Restless Beings, another organisation based in London and working for the rights of the Rohingyas refugees notes that, between August 25- 3 September alone, 4000 Rohingyas were indiscriminately killed in the districts of Rauthedaung, Bauthidaung and Maungdaw in Rakhine State, Mynamar. More than 65,000 have crossed over to Bangladesh in deplorable conditions while around 20, 000 are stuck in the no – man’s land. The director of the organisation, Mabrur Ahmed, claiming this is the darkest hour for the Rohingyas, has been instrumental in providing aid and relief, like tents, clothing and food to 1000 refugees in the Myanmar- Bangladesh borders. Besides organising demonstrations in various places he has also called for international condemnation of the genocide. He shares his views through this video- Event organised by organisations like Restless Beings to condemn the violence on Rohingyas. Continue reading “Kolkata protests against renewed violence on Rohingyas, 04.09.2017.”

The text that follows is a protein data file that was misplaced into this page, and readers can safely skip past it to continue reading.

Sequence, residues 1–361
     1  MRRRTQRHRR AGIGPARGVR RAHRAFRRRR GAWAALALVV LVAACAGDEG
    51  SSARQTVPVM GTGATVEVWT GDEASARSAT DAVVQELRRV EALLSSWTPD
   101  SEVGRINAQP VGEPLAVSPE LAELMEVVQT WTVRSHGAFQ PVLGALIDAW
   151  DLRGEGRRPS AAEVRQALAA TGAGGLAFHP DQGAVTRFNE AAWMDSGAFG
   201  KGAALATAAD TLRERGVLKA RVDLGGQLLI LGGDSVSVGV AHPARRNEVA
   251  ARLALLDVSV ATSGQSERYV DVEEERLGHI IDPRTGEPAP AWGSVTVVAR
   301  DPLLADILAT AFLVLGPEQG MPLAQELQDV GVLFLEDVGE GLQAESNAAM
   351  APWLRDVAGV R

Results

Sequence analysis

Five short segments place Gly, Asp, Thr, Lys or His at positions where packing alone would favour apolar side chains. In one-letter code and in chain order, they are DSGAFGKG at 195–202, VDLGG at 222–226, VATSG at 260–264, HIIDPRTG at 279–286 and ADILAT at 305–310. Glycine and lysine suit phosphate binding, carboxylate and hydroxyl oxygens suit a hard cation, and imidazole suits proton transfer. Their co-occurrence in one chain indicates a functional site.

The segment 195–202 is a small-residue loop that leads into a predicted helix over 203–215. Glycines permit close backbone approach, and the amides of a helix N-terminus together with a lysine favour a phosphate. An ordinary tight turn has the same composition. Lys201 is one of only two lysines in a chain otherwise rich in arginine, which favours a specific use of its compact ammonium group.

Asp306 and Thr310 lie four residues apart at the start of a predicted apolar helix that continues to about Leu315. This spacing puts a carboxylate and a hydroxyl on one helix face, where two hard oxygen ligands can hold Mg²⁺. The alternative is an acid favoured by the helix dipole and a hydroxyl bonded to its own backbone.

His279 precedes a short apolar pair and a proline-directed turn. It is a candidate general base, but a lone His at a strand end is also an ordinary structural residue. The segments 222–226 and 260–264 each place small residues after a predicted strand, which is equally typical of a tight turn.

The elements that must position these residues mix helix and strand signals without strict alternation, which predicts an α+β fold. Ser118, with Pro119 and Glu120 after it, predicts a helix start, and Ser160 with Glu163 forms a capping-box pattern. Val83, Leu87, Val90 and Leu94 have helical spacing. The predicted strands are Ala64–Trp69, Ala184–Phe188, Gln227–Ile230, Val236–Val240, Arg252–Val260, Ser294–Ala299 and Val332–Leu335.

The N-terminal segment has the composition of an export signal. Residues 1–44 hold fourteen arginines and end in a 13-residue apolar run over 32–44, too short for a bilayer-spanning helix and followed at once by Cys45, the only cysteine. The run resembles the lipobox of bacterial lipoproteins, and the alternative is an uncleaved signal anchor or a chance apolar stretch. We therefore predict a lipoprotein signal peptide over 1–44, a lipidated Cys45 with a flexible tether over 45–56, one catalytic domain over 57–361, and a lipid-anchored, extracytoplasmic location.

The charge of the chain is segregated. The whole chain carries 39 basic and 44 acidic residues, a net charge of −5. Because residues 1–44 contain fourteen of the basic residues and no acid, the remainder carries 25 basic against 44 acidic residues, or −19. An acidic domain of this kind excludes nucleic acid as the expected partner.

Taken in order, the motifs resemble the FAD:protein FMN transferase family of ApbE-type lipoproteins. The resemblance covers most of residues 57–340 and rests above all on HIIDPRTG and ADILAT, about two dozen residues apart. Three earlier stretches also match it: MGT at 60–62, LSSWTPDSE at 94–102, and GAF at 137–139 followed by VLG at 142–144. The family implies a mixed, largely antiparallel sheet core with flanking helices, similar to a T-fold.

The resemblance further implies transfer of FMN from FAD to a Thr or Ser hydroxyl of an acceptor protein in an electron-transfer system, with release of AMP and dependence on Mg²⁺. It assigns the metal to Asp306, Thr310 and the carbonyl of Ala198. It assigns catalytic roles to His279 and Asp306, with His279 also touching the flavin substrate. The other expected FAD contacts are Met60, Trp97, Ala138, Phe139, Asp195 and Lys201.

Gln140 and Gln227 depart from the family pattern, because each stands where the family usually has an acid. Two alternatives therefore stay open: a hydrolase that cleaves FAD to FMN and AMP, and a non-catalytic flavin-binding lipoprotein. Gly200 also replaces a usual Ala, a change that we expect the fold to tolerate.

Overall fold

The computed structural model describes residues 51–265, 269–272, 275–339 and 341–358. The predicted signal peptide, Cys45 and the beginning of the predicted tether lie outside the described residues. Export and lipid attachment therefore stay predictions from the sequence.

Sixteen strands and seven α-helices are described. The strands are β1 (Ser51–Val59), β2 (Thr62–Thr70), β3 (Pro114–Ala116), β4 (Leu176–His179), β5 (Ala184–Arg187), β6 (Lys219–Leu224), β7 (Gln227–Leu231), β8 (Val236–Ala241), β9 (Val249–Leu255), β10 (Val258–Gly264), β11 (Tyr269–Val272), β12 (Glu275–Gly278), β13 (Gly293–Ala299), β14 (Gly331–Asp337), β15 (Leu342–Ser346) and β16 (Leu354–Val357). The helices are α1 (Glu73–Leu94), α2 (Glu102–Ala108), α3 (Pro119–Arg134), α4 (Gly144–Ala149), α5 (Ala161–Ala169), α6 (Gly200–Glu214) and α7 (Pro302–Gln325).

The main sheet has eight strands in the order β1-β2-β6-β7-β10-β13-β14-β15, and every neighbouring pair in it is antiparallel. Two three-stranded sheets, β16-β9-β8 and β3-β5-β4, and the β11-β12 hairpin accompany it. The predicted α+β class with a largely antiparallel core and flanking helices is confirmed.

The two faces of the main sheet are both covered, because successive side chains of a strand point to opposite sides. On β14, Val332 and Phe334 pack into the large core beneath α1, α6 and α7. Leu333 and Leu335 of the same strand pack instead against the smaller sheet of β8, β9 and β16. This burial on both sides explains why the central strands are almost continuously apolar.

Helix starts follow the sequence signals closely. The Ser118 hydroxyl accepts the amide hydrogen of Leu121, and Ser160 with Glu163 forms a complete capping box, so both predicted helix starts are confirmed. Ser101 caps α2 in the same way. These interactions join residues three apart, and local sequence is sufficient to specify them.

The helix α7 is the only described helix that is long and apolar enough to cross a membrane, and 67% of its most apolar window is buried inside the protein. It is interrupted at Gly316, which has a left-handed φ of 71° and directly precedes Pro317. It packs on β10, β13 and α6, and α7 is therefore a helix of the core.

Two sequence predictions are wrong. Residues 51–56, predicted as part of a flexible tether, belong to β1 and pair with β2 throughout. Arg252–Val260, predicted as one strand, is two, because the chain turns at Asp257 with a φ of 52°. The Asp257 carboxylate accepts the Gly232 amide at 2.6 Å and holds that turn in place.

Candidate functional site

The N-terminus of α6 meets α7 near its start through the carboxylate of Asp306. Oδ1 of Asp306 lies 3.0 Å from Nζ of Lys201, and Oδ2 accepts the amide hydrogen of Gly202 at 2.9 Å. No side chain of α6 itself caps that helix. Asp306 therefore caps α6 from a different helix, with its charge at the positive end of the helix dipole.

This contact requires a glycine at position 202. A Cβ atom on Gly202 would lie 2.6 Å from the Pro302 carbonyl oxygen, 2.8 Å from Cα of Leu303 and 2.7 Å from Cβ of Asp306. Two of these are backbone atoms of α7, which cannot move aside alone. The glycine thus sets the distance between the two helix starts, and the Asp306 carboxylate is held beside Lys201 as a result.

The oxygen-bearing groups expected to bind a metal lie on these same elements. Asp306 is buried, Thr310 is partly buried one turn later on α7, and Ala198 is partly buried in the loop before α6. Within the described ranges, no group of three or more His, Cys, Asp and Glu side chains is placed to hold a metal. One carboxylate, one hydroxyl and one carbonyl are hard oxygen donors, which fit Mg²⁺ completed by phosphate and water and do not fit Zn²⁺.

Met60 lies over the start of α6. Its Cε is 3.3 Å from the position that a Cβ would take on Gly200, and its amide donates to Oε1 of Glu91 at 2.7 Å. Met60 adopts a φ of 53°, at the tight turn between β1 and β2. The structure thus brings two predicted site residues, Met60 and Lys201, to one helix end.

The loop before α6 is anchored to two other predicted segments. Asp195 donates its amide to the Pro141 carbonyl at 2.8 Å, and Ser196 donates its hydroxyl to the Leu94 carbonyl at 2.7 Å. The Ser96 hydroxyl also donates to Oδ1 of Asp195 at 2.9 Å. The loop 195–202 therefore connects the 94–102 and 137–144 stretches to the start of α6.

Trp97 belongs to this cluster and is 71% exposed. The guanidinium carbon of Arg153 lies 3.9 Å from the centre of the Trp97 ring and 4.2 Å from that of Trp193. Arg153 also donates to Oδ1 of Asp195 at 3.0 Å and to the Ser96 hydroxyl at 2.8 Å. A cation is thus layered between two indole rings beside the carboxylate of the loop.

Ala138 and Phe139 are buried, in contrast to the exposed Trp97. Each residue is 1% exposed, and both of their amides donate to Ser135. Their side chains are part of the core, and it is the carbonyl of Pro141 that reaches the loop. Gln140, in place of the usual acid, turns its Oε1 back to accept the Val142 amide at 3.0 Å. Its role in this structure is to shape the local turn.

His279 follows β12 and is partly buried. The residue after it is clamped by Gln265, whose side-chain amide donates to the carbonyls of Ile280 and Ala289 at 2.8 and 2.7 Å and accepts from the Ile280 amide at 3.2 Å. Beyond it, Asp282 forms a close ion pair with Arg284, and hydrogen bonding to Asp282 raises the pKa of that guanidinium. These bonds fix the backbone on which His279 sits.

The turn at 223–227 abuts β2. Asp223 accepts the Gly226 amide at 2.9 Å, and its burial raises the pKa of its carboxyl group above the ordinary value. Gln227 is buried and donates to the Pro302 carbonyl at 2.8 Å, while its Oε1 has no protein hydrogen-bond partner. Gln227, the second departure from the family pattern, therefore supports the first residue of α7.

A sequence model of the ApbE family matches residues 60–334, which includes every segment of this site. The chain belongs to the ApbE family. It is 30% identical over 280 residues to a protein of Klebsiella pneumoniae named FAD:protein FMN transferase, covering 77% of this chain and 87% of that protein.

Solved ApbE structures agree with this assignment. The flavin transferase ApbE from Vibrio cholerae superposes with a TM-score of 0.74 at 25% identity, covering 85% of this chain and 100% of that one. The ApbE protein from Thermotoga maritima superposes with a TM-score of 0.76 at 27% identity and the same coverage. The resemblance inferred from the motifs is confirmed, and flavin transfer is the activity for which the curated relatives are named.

Priya Singh and Sucharita Sengupta
Panel Discussion on Rohingya and Syrian Refugees by Calcutta Research Group, on 6 April 2017, supported by Rosa Luxemburg Stiftung (RLS).